Teacher Retirement System of Texas Chief Investment Officer Jase Auby told his board that the $148 billion pension’s private holdings are unlikely to decrease significantly once valuations catch up with the public markets — but he warned there was no way to know for sure.
“They are likely to be down, but it’s unlikely to be a dramatic draw down,” Auby said at the pension’s April 17 meeting, which was conducted via teleconference. “The time horizon at which they are reflected can be a number of quarters, sometimes as long as a year to reflect, and so… it is possible that some of those assets might not in fact mark down due to the crisis, but others will.”
Auby said TRS had 35 percent of its assets in private markets, which includes private equity and real estate, energy and natural resources and infrastructure. According to its website, its target allocation for private equity is 14 percent with a range of between 9 percent and 19 percent.
Under the private equity umbrella, TRS allocates to three strategies: buyouts, growth equity/venture capital and credit/special situations. It doesn’t break out a specific target for venture capital.
Out of the 12 fund commitments TRS made in 2019, two were for venture capital/growth funds: It committed $150 million to Insight Partners’ Insight Venture Partners XI, which invests in technology, media and telecom companies in North America, Asia-Pacific and Western Europe; and $200 million to Baring Private Equity Asia’s BPEA Bluebonnet Partners, which invests in diversified companies in Asia-Pacific.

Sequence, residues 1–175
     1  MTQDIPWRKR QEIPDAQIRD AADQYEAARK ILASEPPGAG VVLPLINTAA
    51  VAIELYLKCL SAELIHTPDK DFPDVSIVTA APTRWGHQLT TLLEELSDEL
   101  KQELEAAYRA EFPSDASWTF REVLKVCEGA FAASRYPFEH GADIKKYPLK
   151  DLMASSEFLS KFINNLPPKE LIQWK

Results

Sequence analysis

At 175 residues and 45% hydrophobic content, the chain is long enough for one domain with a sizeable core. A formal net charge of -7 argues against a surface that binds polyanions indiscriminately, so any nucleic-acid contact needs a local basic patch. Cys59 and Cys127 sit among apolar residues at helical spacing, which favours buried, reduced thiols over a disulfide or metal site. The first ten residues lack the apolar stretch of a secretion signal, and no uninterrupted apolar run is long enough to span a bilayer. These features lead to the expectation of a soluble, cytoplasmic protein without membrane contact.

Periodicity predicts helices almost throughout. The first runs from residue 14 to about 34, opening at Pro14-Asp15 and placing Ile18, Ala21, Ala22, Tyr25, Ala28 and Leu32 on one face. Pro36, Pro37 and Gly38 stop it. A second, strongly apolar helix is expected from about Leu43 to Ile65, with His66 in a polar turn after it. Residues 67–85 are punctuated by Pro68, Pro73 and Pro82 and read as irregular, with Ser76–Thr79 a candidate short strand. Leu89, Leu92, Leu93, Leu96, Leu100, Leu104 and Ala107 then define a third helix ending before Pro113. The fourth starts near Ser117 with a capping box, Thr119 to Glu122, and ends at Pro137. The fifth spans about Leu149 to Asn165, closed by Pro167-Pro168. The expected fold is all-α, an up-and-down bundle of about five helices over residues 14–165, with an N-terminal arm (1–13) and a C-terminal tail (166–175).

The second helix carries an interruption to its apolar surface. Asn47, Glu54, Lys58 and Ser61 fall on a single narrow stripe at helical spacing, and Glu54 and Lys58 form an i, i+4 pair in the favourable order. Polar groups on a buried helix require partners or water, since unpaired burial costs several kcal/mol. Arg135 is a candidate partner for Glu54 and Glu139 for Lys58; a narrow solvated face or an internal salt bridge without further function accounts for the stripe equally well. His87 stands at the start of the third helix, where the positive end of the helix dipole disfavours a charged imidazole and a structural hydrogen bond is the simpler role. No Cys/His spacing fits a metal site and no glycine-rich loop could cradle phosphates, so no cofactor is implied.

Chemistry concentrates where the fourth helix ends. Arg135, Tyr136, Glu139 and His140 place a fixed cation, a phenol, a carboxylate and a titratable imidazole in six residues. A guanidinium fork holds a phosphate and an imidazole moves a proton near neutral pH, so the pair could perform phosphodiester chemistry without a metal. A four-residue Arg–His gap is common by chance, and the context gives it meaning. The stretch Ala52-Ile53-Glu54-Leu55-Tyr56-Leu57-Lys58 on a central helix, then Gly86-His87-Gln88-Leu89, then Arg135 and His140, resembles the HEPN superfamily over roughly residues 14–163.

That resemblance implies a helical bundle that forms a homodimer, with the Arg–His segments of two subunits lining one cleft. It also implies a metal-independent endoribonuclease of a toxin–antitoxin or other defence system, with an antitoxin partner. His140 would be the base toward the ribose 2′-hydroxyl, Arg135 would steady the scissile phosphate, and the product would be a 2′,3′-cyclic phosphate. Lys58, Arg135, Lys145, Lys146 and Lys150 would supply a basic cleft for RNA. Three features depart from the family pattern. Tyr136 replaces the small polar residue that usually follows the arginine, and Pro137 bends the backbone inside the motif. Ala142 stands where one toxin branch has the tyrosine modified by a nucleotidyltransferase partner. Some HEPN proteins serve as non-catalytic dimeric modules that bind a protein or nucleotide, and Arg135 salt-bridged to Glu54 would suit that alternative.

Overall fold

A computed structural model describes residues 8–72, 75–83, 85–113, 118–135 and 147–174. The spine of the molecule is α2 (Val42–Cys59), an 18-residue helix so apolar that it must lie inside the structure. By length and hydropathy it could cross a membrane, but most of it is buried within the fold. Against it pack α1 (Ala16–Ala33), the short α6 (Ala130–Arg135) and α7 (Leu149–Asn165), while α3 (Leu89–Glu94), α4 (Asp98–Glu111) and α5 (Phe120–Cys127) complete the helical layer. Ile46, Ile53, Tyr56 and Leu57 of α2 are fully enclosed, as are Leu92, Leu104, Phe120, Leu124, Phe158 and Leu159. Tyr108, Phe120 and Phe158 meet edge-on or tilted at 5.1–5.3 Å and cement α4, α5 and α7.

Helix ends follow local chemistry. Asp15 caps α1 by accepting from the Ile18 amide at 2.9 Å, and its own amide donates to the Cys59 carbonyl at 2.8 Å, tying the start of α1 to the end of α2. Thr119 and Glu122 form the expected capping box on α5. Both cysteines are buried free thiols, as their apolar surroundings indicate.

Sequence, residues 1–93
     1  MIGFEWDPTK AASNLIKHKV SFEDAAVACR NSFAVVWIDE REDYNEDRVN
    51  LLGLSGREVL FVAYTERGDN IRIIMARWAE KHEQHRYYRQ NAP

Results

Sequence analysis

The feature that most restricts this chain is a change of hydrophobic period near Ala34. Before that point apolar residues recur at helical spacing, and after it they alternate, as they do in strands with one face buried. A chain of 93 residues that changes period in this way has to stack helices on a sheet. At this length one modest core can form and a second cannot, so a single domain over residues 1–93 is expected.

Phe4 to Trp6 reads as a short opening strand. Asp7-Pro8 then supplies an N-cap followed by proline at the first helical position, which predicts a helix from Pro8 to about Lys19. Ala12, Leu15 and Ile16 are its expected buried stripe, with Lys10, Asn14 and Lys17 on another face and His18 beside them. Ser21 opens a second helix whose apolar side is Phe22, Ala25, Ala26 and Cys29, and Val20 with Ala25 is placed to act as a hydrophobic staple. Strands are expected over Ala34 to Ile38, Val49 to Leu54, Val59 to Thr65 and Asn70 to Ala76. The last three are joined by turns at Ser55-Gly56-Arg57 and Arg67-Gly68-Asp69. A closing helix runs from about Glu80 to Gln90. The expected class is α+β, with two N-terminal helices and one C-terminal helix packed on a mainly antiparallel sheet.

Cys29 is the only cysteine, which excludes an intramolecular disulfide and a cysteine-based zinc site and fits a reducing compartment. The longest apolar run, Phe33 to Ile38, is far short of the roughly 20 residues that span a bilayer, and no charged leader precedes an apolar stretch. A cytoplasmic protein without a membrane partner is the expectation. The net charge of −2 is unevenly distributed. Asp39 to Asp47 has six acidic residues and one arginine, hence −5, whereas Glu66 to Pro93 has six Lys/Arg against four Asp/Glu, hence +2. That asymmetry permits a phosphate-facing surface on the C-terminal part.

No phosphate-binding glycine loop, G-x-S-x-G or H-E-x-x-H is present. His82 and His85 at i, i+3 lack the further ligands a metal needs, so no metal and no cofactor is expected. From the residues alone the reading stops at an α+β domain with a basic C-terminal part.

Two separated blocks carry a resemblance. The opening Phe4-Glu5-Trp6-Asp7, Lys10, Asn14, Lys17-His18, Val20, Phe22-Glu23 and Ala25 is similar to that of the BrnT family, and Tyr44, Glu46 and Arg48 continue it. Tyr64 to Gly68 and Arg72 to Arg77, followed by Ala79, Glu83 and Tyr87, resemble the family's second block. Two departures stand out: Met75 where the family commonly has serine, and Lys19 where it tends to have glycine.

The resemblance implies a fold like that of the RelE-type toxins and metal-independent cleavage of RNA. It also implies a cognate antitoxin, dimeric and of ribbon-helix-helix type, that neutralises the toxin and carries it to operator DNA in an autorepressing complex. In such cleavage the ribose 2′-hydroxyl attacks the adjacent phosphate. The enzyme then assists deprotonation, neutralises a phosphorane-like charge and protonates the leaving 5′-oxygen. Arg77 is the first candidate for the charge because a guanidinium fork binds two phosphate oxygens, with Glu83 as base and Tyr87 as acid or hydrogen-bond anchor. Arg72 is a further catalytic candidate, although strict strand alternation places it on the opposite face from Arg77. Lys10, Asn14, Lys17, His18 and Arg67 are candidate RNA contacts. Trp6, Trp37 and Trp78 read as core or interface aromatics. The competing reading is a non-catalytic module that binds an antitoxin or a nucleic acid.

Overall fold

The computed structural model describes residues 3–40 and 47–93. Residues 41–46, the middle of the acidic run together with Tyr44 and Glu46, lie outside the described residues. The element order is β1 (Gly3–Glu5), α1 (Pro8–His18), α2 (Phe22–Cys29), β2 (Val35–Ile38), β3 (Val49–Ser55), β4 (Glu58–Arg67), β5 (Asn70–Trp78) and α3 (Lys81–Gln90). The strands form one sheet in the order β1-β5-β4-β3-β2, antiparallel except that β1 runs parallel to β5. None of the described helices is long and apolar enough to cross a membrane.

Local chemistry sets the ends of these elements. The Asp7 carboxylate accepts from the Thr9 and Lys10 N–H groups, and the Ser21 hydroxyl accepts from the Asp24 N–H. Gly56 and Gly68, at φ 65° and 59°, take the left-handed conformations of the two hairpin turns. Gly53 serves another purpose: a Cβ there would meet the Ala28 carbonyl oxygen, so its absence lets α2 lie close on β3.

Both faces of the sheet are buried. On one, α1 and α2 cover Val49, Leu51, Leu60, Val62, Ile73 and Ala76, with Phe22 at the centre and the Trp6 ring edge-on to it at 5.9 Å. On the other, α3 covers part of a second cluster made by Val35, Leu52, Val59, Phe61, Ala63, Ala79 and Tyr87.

So far this year, TRS has made two commitments, including a $75 million commitment to Lightspeed Venture Partners’ Select IV fund, which invests in a variety of sectors in Asia-Pacific, Western Europe, Middle East/Africa and North America.
Auby said he was “not prepared at this point” to provide the board with any estimates for how much private holdings would decrease in value—and said many of the pension’s managers did not know, either.
“We are in active discussions with all of our managers that manage these assets and they have not yet determined what kind of a process they might need to mark down at this point in time,” he said. “So, it’s hard enough for us to gauge that. Common sense does say that they will be down some but to my mind it’s unlikely that they would be down as much as, for example, the public markets.”
Reacting to the market chaos
Texas Teachers was following its “battle plan,” as outlined in December 2018 by Chief Risk Officer James Nield, Auby said. The battle plan includes reducing equity as the market enters a late cycle, identifying strategies that can be “upsized to take advantage of dislocations,” building a “dislocation monitor” and researching investment opportunities.
As of March 31, the Texas Teachers’ fund value was $148 billion, down from $157 billion on August 31, 2019. He estimated the return for the first quarter would be -8.3 percent, but warned it would be months before that was calculated exactly.
The pension’s investment teams were “actively rebalancing” asset allocations to stay within proper benchmarks, he said. A separate presentation by Executive Director Brian Guthrie said the pension had done $7 billion in “rebalance trades” in March. Spokesman Rob Maxwell said most of those trades were in the public equity and bond markets.
Guthrie’s presentation also said the asset allocation committee was meeting daily to “review positions and initiate trades.”
“As long as the current high level of uncertainty around the covid crisis remains in the market, we will continue to implement these battle plans and monitor the market to begin to prepare for opportunities going forward,” Auby said. “The bottom line is our plans are working exactly as we intended.”
Lawrence Aragon contributed to this story